BURIED under the referendum results last Friday was the final report from a two-year inquiry by the Competition and Markets Authority (CMA) into the energy market, carrying a set of recommendations for making a fairer system — or so it was hailed.
The inquiry was hoped to tackle the growing problem of fuel poverty in Britain, which currently affects millions of people.
It’s estimated that one in four families make the choice between eating or heating their homes in winter, while the National Grid rakes in £2.6 billion in profits and the big six’s domination of the market leaves little choice for struggling households.
It was hoped that the CMA’s report would be the green light for the government to finally make the drastic policy changes to tackle the mass rip-off caused by these energy giants’ control over the market.
But as, over the last two years, stages of the CMA’s report were dripped out, it became evident that this wasn’t going to be the golden ticket many had hoped for.
Lobbying from the big energy companies has taken its toll on the CMA’s final report.
Its recommendations are at best underwhelming, at worst, a betrayal of the struggling families facing punishing energy bills.
It’s a glaring example of corporate profits taking precedent over the needs of ordinary people.
In the face of corporate lobbyists and pressure from big business, the government body bowed and bent.
Despite the best efforts from charities and social movements to fight the corner of those most in need of energy market reforms, it was the corporations that had their ear.
The whole thing stinks of injustice — we’re paying over the odds for dirty energy that destroys the environment, while handing over power to a privileged few.
It comes down to a lack of democracy — the energy system is one that we all have to be a part of, but that cuts out our right to have a say over prices, production or planetary impact.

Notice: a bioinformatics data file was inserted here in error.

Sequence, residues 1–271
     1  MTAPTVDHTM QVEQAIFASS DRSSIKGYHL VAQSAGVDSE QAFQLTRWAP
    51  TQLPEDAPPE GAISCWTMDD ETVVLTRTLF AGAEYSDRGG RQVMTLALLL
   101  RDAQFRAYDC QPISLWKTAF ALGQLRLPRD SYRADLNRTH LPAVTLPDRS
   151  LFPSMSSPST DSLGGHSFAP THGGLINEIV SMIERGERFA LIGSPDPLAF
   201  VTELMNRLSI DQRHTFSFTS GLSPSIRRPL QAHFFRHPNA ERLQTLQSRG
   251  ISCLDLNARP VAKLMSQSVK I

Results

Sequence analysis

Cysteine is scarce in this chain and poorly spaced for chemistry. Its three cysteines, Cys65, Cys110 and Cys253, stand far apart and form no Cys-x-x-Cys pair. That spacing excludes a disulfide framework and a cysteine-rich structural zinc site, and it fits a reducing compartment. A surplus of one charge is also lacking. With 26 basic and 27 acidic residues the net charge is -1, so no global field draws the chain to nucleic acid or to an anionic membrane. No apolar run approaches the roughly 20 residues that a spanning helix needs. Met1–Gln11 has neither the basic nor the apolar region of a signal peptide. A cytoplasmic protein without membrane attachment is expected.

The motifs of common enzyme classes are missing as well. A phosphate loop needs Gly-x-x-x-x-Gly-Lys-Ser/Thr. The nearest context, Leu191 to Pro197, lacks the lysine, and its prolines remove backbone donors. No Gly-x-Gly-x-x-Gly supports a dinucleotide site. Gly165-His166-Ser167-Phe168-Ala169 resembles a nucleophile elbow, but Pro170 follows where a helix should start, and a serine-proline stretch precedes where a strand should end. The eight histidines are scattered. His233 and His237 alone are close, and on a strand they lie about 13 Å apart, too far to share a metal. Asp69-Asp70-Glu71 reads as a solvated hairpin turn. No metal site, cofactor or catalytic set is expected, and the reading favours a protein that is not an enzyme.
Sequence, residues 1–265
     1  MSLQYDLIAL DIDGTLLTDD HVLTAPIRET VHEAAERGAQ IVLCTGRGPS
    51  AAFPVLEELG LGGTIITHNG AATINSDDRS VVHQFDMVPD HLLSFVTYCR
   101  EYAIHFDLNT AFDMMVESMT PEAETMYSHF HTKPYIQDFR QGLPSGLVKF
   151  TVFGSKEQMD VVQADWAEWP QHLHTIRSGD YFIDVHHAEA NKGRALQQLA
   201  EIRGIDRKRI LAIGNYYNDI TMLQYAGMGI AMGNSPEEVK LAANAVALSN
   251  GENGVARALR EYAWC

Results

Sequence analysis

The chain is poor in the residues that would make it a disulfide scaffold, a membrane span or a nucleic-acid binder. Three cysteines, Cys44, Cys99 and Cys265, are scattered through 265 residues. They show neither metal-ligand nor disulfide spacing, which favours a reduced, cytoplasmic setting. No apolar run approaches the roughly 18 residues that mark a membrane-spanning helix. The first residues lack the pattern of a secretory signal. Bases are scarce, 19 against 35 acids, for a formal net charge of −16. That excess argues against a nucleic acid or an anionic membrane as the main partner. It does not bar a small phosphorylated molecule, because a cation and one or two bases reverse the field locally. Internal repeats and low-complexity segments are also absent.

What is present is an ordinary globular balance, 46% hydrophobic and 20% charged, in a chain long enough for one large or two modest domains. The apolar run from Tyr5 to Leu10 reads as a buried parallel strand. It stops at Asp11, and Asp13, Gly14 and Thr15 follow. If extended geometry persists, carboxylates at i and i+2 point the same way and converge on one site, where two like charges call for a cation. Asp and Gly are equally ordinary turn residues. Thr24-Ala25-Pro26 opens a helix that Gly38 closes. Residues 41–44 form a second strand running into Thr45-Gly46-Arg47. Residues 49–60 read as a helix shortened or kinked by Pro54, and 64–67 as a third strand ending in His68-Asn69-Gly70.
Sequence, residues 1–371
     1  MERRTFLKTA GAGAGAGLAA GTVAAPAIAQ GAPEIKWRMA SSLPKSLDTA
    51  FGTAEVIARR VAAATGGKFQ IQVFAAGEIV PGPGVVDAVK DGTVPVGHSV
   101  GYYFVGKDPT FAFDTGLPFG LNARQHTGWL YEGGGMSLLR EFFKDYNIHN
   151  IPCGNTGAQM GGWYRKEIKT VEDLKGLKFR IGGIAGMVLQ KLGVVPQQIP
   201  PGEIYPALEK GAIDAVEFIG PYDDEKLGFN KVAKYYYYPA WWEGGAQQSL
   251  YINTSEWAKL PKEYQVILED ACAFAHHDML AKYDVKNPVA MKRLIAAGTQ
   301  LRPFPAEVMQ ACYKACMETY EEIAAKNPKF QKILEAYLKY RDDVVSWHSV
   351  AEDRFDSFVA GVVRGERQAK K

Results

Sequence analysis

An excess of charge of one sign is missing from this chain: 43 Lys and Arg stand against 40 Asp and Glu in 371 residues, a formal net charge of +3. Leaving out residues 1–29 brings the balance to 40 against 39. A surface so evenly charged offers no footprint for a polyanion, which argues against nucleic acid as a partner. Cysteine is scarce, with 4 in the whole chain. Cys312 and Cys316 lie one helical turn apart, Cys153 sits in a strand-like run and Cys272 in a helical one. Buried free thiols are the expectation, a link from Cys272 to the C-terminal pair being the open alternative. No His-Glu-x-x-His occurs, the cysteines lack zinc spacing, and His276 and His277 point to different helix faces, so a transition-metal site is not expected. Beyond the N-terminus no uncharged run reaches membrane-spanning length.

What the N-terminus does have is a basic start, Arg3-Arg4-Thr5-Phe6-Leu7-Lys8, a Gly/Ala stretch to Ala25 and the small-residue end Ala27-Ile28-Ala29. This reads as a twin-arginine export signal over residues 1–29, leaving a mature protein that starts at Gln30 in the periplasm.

The movement for “energy democracy” is trying to address this — pushing for clean production, progressive pricing and public ownership of our energy, in Britain and across the world.
It’s ordinary people saying: “We’ve had enough, we want our power back.”
But while there are sparks of hope popping up all over the country in the form of local energy co-ops and council-backed schemes, we are yet to see a real political driving force behind it.
Last week’s CMA report was launched because of public outrage over Britain’s broken energy system — for years we’ve known that the private sector, and the big six energy giants in particular, are not going to provide the solutions we need.
And based on the disappointing outcome of this report, hand in hand with deep cuts to feed-in tariffs and subsidies for solar energy, it seems the government isn’t willing to provide those solutions either.
Nottingham now has its own energy company, Robin Hood Energy, which provides power to the city’s residents at the “lowest possible price.”
While the company proudly runs “not-for-profit, but for people” it’s not run by those people. In fact, the energy comes from the National Grid — the corporate giant monopolising the sector — so does little to address the power play at the heart of the pricing problem.
Where the energy system is owned by the people using it, it works for them — not just the pockets of big business.
In south London, Brixton Energy Co-op is tackling local issues of unemployment and fuel poverty by providing local solar power generation systems on top of housing estates; creating local jobs and reinvesting profits into energy efficiency schemes for residents.
It’s hard to argue with this sort of scheme: it works for people and it works for the planet.
Surely a system that tackles fuel poverty, unemployment, air pollution and climate change all in one fell swoop should work for politicians too.
So why aren’t there more of them working towards a system of real energy democracy?
In London and Manchester, the Switched On campaign group is asking the cities’ respective mayors to set up a sustainable public energy company.
It’s a perfect opportunity for two big cities to lead by example and pioneer a new model for municipal energy.
But so far there has been no real movement towards the change that we need.
That change goes beyond regulation of the market, it needs to put power back into the hands of ordinary people.
It’s a movement already taking shape: with councils of all colours supporting community-owned energy and trade unions joining forces to promote energy democracy. It’s time our politicians added some clout.